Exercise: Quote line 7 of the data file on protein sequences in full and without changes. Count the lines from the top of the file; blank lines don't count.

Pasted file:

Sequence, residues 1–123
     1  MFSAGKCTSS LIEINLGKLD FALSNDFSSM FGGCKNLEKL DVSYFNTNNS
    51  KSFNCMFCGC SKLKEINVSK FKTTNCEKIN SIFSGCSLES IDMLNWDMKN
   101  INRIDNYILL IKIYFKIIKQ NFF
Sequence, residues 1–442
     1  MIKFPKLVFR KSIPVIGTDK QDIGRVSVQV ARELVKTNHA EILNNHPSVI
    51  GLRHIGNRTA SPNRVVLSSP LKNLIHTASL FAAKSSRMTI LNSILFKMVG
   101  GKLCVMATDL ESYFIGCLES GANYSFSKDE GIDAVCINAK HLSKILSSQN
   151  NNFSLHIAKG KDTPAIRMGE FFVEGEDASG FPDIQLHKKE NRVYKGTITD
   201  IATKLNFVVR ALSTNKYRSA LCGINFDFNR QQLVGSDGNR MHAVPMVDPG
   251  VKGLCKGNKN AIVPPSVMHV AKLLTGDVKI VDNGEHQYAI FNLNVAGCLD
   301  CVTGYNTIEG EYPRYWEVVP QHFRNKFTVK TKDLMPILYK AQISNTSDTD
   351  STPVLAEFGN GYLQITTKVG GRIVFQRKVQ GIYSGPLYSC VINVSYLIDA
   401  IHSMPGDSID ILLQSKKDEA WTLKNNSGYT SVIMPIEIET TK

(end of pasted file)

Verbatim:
    51  GLRHIGNRTA SPNRVVLSSP LKNLIHTASL FAAKSSRMTI LNSILFKMVG